Lisa: I was just going to say that they’re trauma informed.
Sarah: Yeah, ahead of time and that there's always intimacy coordinators involved if there aren't going to be any kind of triggering material that like the sides and the audition itself had a trigger warning on it, that there is a mental health professional on set the day that those scenes are being filmed. So, there's a lot of care baked into these projects. And so that's why I think that the initial focus and sort of the way in for people is to realize that there is this retaliation going on and that there are survivors with faces very specific thing in our industry, but it then does become this more holistic thing where it becomes a safer environment for all people who have been marginalized and people have dealt with all forms of abuse because, there's racial abuse and violence in this industry and there's all these different things that go on. And the intention is for this to be a really inclusive initiative and space for people to get the care and the respect that they deserve.
Lisa: Absolutely. And, I can hear my line producer friends out there, I can feel them rolling their eyes like oh my God, this is going to cost us so much and I think it really doesn't. And if I think about some of the shows I've worked on, the budget for an actor’s shoes is more than - you have a safety coordinator and you have a stunt coordinator, you have all the people who are supposed to keep actor's body safe. It's good to set the tone and it has to come from the top obviously. It comes from the show runner and sometimes it comes from the studio or from the network that, this is a production that's going to be safe for everybody. Everybody’s going to be traumatized mentally, physically, emotionally by working on this show. And I think it's so important and I was saying to you before that, I'm a member of the C.S.A. The Casting Society of America and we have so many advocacy arms that reach out to and we have this whole arm that's equity and entertainment and it's dedicated to increasing access for actors who have been historically underrepresented. And I don't think it's occurred to any of us that a survivor, particularly a survivor of an industry abuse needs to be a protected group of people, but I do think that they are and at least have the effort to undo unconscious bias because, I think that's really the key is, undoing that bias. So, it's just a nonstarter that, if Sarah Ann Masse is submitted to me, I'm going to look at her real like anybody else and bring her in like anybody else. And I don't even necessarily earmark you as –
Lisa: Anything other than your talent.
Sarah: Yeah. Just getting past that first gate is the hardest part. Getting that first door opened. So, we're really trying to make sure that those doors are open and I'm talking about this obviously a lot with casting because of who we both are and what we both do in the industry, but this relates to every department, whoever is that initial gatekeeper to hire grips or to hire PAs or to hire producers, whatever it is, like the mind needs to be open to this. And I actually have created this entire toolkit that reframe is going to be publishing as part of a larger industry toolkit next year. And I'm really excited because I think you're right. People go, oh this sounds difficult, that sounds expensive. I just can't do it. But I have some case studies now of independent films that have done this and independent films don't have any extra work.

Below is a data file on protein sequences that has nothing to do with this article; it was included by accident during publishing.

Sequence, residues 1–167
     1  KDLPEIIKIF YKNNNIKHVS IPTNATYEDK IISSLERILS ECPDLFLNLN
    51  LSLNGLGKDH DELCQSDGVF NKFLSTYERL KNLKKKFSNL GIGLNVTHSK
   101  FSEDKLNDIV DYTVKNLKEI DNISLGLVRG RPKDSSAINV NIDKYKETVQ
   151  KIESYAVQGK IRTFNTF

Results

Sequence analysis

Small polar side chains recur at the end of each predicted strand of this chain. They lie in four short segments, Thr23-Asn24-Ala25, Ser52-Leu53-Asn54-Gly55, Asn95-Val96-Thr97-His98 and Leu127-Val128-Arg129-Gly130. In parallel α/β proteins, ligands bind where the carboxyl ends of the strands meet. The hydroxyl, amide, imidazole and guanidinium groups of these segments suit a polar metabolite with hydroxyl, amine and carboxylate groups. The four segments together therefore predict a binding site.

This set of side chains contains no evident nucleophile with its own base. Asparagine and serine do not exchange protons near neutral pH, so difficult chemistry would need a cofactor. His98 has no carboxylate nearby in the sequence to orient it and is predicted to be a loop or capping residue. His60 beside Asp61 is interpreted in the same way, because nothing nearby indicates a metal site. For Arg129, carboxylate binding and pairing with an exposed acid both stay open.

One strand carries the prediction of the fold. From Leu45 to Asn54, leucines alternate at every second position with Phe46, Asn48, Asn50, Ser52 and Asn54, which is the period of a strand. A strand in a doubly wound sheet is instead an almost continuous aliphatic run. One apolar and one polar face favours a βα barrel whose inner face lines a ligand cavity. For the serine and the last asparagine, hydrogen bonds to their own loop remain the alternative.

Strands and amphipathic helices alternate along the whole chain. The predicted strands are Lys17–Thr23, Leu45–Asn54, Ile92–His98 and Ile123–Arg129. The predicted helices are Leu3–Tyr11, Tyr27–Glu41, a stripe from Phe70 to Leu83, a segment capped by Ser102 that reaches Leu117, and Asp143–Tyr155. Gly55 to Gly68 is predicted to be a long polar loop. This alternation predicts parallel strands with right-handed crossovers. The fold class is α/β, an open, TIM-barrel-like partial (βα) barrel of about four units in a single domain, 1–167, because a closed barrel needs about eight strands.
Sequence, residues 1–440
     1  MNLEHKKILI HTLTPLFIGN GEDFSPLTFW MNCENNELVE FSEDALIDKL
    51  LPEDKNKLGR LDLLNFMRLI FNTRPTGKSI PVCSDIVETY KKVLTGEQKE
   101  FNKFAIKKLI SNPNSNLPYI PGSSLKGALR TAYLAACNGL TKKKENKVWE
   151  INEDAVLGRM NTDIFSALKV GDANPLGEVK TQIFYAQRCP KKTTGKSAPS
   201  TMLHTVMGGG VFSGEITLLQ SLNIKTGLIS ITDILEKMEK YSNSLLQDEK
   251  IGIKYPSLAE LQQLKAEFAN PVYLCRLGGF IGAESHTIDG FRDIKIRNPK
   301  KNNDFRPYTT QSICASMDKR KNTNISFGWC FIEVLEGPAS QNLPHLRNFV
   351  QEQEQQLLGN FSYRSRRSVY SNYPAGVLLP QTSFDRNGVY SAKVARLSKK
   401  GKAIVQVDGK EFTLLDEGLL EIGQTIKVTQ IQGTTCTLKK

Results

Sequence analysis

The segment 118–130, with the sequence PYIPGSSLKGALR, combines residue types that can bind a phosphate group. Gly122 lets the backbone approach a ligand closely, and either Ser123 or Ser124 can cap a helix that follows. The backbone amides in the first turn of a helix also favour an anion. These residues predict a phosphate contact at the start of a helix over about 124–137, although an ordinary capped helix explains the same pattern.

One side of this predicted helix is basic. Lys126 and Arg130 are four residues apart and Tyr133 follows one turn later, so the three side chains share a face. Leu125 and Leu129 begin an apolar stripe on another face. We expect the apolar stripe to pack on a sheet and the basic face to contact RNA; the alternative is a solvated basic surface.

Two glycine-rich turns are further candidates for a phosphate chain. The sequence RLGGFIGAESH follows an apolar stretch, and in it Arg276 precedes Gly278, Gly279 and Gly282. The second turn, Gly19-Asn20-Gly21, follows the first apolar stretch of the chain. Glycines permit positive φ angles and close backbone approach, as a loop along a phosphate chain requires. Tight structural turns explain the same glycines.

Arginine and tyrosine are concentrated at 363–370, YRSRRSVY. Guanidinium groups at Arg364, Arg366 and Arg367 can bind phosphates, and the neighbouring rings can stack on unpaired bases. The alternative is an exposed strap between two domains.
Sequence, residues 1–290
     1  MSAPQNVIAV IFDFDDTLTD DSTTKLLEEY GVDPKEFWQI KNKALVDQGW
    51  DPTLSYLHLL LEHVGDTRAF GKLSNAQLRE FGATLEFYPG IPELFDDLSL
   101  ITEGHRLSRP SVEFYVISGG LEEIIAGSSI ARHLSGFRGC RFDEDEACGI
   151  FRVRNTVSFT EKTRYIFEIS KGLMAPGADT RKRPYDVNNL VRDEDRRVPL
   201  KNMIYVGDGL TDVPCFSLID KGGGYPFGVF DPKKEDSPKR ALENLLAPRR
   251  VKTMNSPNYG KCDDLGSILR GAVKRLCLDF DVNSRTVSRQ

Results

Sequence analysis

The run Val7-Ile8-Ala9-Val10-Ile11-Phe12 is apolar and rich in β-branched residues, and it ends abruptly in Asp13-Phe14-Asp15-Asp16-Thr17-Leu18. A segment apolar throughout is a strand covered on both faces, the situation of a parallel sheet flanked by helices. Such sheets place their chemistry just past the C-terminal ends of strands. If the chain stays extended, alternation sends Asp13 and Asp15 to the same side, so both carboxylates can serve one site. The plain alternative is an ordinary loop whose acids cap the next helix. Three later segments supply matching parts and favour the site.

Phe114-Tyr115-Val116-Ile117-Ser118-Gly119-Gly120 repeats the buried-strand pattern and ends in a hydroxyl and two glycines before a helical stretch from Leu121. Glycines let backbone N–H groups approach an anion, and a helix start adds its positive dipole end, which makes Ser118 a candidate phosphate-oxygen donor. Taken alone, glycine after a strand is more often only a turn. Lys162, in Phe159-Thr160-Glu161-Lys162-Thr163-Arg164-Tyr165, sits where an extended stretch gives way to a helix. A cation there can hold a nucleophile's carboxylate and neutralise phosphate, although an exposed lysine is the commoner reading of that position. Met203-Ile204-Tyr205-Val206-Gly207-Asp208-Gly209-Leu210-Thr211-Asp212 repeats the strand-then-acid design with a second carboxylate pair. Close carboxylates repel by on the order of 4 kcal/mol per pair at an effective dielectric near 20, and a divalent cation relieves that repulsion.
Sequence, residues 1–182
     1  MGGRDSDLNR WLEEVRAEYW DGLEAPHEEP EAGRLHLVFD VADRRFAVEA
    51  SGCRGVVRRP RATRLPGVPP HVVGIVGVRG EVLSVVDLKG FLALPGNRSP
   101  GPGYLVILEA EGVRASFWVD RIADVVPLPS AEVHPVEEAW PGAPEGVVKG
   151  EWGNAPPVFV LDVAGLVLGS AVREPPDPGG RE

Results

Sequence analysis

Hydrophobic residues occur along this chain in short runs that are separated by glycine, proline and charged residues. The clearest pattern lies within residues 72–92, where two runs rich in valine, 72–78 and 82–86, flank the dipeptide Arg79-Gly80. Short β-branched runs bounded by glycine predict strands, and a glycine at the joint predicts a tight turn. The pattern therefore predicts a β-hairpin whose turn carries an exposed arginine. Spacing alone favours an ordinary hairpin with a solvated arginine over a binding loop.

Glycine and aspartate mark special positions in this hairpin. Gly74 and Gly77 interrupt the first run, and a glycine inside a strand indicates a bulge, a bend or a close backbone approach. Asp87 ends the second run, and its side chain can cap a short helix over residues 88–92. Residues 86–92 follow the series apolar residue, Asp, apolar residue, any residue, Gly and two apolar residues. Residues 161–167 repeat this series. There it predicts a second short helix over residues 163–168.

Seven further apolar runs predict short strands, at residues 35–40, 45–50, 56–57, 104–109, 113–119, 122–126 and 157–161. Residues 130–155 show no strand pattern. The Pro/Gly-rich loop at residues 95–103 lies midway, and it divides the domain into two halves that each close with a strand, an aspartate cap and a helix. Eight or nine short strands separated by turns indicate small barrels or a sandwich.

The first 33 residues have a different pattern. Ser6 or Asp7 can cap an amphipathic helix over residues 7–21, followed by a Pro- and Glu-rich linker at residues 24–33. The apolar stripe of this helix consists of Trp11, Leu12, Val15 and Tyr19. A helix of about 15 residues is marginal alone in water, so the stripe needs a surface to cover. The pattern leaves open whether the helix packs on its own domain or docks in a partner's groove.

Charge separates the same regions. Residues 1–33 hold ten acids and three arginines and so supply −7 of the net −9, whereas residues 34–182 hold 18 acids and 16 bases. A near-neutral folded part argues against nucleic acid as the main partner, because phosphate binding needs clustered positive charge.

Sarah: And they're doing it and all of them have said it, like this has made the creative part of it so much richer. They're open to people that they didn't know were out there or who they wouldn't have thought of before. And it has them thinking about their scripts and their characters in a different way. And I even had a finance company tell a film that I'm working with that they were really happy that this film had started working with Hire Survivors Hollywood. Like it made them feel more comfortable investing in the film interesting.
Lisa: That’s so interesting.
Sarah: Another thing is like, we reduce your liability.
Sarah: Having folks like that makes it a much safer environment, a much less litigious environment. Hopefully what it also does is, encourage abusive people to stay far away from these projects. I think that's the other thing too that people aren't really thinking about is that, it's not only about making sure that survivors are getting these opportunities and getting a chance to have their careers. It's also about making sure these abusers don't keep working and don't keep repeating the same abusive behaviors over and over again. So, if you're creating an environment where abusers know they're not welcome and know that there's all these safety guides in place. Like the production doesn't have to worry about dealing with the lawsuits and the settlements and the bad PR that come from having these abusers around and it's such a positive PR machine too.
Sarah: I mean it doesn't cost that much to add an intimacy coordinator and the union is already pushing for that.
Lisa: Oh yeah, the contract has already – yeah.